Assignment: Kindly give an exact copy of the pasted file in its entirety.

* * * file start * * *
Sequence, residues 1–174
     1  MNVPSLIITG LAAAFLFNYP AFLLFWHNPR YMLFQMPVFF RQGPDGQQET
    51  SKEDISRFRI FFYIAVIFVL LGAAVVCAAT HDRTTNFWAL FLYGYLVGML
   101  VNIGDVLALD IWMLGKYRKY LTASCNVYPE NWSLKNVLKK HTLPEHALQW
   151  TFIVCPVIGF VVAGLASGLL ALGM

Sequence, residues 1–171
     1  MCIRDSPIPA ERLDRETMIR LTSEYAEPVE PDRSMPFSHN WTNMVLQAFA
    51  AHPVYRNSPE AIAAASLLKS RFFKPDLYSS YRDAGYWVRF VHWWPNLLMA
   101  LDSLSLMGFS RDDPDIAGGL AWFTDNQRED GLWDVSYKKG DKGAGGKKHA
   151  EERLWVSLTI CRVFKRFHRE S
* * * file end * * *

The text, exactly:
Sequence, residues 1–174
     1  MNVPSLIITG LAAAFLFNYP AFLLFWHNPR YMLFQMPVFF RQGPDGQQET
    51  SKEDISRFRI FFYIAVIFVL LGAAVVCAAT HDRTTNFWAL FLYGYLVGML
   101  VNIGDVLALD IWMLGKYRKY LTASCNVYPE NWSLKNVLKK HTLPEHALQW
   151  TFIVCPVIGF VVAGLASGLL ALGM

Sequence, residues 1–171
     1  MCIRDSPIPA ERLDRETMIR LTSEYAEPVE PDRSMPFSHN WTNMVLQAFA
    51  AHPVYRNSPE AIAAASLLKS RFFKPDLYSS YRDAGYWVRF VHWWPNLLMA
   101  LDSLSLMGFS RDDPDIAGGL AWFTDNQRED GLWDVSYKKG DKGAGGKKHA
   151  EERLWVSLTI CRVFKRFHRE S